I started my first company with my business partner during our sophomore year of college. The company made custom apparel for fraternities and sororities.
There was no real reason that justified why we were the right people to start this company together. We had never worked together before, started a company or even knew how a custom apparel shop functioned.
Neither of us had relevant experience or the complementary skills that all successful startup founders share. We just did it because we had an opportunity, and it sounded like a good idea at the time.
We had problems in every single aspect of our business.
Though we somehow managed to generate enough revenue to keep ourselves afloat, how we got there was a miracle.
The problems kept stacking up, but we were only focused on what was urgent at the time and within our means to realistically address. In a startup, there are times when urgency forces you to put a Band-Aid on the problem, not actually solve it. For us, this was an everyday experience, and we were running out of Band-Aids.
Everything was patched together and labeled as “good enough” or “we’ll fix that later.”
When I wanted to look for help, I didn’t even know what questions to ask, let alone where to ask them. Although we had absolutely no idea what we were doing, we hired our first part-timer, negotiated free rent on a shared storefront and even started making some profit on day one.
We were making money, what could possibly go wrong?
Every new customer is good for a startup, right? We thought so at the time, but every additional customer actually ended up hurting us in the long run. Due to the custom nature of our products, increasing product orders exponentially added to the complexity of managing our business.
One of our biggest problems was that we were brilliantly handling hundreds of individual custom orders using paper order forms. In every other store, this problem is solved using computers with custom forms and databases, neither of which we had. We were on a start-up budget.
I learned to appreciate the value of mentorship through my struggles.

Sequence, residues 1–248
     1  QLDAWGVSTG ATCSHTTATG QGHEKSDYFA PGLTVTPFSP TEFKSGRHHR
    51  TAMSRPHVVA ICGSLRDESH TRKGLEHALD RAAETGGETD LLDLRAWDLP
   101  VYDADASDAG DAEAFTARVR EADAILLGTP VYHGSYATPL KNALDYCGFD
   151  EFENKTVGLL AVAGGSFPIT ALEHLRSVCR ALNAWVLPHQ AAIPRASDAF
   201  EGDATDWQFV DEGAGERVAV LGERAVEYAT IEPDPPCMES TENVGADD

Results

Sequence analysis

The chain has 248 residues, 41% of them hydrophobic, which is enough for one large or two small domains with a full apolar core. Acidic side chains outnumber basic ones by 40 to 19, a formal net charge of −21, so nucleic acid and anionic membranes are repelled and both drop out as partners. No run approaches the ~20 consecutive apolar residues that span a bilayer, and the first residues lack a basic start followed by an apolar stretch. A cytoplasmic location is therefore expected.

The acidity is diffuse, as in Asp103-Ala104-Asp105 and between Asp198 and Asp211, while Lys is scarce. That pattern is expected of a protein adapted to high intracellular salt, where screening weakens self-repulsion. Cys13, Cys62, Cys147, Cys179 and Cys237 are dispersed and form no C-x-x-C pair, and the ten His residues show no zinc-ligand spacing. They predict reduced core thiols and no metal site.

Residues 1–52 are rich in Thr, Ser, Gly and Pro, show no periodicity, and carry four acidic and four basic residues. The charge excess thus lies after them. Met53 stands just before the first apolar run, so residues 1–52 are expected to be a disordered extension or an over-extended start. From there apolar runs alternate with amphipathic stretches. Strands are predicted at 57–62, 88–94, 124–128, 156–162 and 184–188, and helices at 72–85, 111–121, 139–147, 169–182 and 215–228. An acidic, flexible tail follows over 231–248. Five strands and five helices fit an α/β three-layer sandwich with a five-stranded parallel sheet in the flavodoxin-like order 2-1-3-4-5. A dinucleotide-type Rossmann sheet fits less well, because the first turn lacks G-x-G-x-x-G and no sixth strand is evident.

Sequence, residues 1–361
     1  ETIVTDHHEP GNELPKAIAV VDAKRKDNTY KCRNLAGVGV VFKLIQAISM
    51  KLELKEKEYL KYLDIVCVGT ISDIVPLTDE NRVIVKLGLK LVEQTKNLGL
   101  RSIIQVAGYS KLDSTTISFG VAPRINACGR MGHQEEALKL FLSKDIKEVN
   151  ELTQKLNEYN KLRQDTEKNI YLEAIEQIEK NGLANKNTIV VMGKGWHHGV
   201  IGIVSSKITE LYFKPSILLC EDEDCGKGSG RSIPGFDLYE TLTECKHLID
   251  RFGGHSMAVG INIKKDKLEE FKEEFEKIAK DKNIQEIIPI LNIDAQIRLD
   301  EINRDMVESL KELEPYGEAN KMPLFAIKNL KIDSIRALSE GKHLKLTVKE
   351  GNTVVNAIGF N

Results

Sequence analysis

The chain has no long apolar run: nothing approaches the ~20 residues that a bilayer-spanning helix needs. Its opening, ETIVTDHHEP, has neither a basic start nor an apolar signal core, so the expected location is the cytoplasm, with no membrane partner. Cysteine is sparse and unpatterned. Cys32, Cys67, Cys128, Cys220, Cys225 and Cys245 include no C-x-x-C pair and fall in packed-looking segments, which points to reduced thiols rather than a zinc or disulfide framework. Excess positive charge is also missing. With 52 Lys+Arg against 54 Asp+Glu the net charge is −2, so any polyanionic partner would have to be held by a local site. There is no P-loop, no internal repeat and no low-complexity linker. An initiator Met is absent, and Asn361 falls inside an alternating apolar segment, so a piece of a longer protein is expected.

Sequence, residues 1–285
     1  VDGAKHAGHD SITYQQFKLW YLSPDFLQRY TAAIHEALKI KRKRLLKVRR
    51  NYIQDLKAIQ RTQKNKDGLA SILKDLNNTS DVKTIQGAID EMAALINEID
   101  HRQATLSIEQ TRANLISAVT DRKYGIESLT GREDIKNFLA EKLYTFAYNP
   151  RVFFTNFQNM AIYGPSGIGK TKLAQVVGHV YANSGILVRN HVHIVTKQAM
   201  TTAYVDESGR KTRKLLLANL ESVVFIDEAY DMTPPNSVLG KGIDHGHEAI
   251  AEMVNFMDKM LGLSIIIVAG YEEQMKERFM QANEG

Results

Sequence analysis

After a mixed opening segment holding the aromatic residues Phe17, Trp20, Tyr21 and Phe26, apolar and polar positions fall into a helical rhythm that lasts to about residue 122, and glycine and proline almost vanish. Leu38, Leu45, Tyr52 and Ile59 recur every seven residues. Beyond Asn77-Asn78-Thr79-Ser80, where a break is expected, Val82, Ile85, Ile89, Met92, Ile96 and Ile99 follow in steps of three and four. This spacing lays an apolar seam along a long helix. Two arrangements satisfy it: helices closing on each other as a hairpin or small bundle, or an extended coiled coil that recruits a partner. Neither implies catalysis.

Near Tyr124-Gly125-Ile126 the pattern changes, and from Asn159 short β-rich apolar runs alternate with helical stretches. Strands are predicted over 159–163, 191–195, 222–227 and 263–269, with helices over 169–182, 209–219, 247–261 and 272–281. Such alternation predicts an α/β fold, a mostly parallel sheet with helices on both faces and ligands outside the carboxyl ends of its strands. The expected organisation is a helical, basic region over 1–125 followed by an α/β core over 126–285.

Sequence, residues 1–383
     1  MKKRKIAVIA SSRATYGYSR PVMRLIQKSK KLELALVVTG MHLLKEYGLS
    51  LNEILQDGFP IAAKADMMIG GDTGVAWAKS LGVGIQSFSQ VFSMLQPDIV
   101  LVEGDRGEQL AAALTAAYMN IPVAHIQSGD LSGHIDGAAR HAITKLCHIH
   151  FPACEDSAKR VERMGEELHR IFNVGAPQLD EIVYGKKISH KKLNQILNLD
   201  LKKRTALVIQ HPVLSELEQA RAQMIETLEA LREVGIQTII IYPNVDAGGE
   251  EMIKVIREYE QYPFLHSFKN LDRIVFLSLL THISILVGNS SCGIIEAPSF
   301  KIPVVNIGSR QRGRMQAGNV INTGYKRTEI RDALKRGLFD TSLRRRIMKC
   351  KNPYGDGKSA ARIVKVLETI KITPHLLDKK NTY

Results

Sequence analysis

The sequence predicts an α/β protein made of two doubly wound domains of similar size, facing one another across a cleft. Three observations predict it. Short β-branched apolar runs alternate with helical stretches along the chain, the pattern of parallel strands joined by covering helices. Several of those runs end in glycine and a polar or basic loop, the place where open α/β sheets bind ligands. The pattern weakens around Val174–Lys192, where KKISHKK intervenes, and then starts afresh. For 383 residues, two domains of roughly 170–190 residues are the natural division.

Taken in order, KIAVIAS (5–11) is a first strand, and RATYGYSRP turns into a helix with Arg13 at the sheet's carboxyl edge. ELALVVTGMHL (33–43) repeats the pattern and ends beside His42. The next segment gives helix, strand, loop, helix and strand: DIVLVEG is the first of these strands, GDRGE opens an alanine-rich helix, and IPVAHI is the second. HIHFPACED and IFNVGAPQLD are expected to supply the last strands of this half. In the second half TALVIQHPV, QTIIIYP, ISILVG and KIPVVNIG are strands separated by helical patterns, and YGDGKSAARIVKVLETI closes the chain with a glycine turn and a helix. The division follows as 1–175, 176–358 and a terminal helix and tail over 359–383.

After struggling though the business for a year without any mentorship, I finally discovered help when I met a few older entrepreneurs starting a business nearby. They taught me a number of things that helped me clean up my business and allowed me to prioritize my efforts.
1. Focus on your own goals.
I needed someone to tell me I was spending my time in all the wrong places. I needed someone to tell me I was in the wrong business altogether, because it did not align with my life goals, my strengths or my passions.
2. Save your time.
I wasted an inconceivable amount of time doing the right things the wrong way, and I spent a lot of time worrying about things that shouldn’t have mattered and things that didn’t help our business succeed.
3. Get constant feedback.
When you’re on your own, it’s hard to keep yourself in check. You need a sounding board, someone to bring you back to Earth and give you a healthy dose of reality, no matter how much you think you might have it under control. Everyone knows something you don’t; listen to everyone because they might just share a perspective you never thought of.
4. Grow your network.
You’ve heard it before: It’s all about who you know and who knows you. I didn’t think anyone ever wanted to help me; I thought the idea of a college student networking with an older professional didn’t seem realistic.
I learned the value of networking through my mentors, as mentors can open up their networks to you. Getting introduced to people could lead to sales or valuable connections within the industry. Even if a person doesn’t seem useful, he or she might know or meet someone who can help you.
5. Have more than one mentor.
There is nothing more valuable than experiential knowledge; being able to tap into years of mistakes and victories can be extremely beneficial to your growth. Why not multiply those benefits by having a few people guiding you in life? Even if your mentors aren’t in the same industry, they can still provide insight about life and career choices.
Remember, mentors are people, too. You always have to take their agenda into consideration and use their advice to guide you, not dictate your every move.
Mentors can and should be as diverse as the characteristics you want to cultivate. Make sure you have many mentors to help introduce perspective.
Who are the mentors in your life? Or have you yet to seek one out?